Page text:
A good example of that is this study about child neglect and breast feeding:
Breast-feeding has well-documented benefits. Studies have shown it nourishes babies while fighting off infections and even boosting IQ. Now a study in Monday's Pediatrics suggests nursing also may protect infants from neglect.
In a study of 6,621 Australian children over 15 years, researchers found that those who were breast-fed were far less likely to be neglected or abused by their mothers. Babies who weren't breast-fed were more than 2½ times as likely to be maltreated by their mothers as those who were nursed for four months or more, the study shows. There was no link between breast-feeding and the risk of maltreatment by fathers or others.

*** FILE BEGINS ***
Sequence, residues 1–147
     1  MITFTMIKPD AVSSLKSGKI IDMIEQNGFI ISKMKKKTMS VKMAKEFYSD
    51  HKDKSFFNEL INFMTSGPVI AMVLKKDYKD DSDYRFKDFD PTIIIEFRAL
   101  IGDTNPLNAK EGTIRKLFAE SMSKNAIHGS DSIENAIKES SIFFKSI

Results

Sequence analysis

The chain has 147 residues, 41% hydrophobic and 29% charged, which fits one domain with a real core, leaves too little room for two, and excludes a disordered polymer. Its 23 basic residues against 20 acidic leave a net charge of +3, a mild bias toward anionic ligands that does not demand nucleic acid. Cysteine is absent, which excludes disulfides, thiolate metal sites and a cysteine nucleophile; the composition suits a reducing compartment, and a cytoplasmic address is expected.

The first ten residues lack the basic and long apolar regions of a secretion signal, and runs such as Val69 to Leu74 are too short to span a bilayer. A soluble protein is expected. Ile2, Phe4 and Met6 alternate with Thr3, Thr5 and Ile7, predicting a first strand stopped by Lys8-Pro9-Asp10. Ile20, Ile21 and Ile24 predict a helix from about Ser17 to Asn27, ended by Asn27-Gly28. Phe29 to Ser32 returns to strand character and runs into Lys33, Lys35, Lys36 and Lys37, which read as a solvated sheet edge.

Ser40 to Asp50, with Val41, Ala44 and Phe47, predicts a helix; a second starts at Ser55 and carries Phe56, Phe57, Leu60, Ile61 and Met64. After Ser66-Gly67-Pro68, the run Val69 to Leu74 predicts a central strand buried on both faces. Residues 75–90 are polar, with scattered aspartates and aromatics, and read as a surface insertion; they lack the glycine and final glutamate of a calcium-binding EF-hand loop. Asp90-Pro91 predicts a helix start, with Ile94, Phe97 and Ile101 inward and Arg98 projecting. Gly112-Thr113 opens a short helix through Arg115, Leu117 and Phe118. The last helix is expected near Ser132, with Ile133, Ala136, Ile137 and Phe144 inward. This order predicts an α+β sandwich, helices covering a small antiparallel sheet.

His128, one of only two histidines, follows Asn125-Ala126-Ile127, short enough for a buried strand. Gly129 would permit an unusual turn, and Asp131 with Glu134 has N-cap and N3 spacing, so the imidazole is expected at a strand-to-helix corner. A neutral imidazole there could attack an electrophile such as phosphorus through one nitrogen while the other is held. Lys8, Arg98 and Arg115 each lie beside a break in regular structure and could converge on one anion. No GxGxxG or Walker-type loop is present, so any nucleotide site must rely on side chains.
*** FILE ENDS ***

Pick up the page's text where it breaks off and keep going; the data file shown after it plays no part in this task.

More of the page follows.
I really think (as does one psychologist also interviewed in the quoted article) that the first sentence in the second paragraph sounds a lot more credible if written like this:
"researchers found that those who were neglected or abused by their mothers were far less likely to be breast-fed"
To find a correlation between two variables doesn't tell us anything about causality. In this case I doubt that we are even talking about causality as such but about two variables that may go together.
This study is also a good example of a whole new generation of studies which determine what 'good mothering' is. There might be nothing wrong with that if we saw equally many interesting studies about what 'good fathering' is, but because we don't see those studies, we assume that only what mothers do matters. Note that breast-feeding had no correlation with neglect or abuse by the children's fathers. But something else may well show such a correlation (alcohol consumption? unemployment? religious affiliation? depression?) and it might be useful to learn about that something else.